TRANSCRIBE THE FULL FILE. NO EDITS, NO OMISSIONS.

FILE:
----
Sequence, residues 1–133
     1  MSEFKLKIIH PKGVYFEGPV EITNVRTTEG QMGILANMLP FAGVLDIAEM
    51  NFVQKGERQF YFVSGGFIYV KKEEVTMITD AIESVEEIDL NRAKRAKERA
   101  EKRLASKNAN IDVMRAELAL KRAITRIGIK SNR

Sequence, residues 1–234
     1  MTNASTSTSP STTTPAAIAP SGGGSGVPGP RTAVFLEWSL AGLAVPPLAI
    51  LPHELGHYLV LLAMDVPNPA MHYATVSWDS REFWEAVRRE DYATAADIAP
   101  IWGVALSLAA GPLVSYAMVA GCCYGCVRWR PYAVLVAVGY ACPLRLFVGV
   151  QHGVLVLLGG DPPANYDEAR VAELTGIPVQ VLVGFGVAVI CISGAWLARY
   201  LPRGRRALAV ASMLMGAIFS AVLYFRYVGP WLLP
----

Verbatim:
Sequence, residues 1–133
     1  MSEFKLKIIH PKGVYFEGPV EITNVRTTEG QMGILANMLP FAGVLDIAEM
    51  NFVQKGERQF YFVSGGFIYV KKEEVTMITD AIESVEEIDL NRAKRAKERA
   101  EKRLASKNAN IDVMRAELAL KRAITRIGIK SNR

Sequence, residues 1–234
     1  MTNASTSTSP STTTPAAIAP SGGGSGVPGP RTAVFLEWSL AGLAVPPLAI
    51  LPHELGHYLV LLAMDVPNPA MHYATVSWDS REFWEAVRRE DYATAADIAP
   101  IWGVALSLAA GPLVSYAMVA GCCYGCVRWR PYAVLVAVGY ACPLRLFVGV
   151  QHGVLVLLGG DPPANYDEAR VAELTGIPVQ VLVGFGVAVI CISGAWLARY
   201  LPRGRRALAV ASMLMGAIFS AVLYFRYVGP WLLP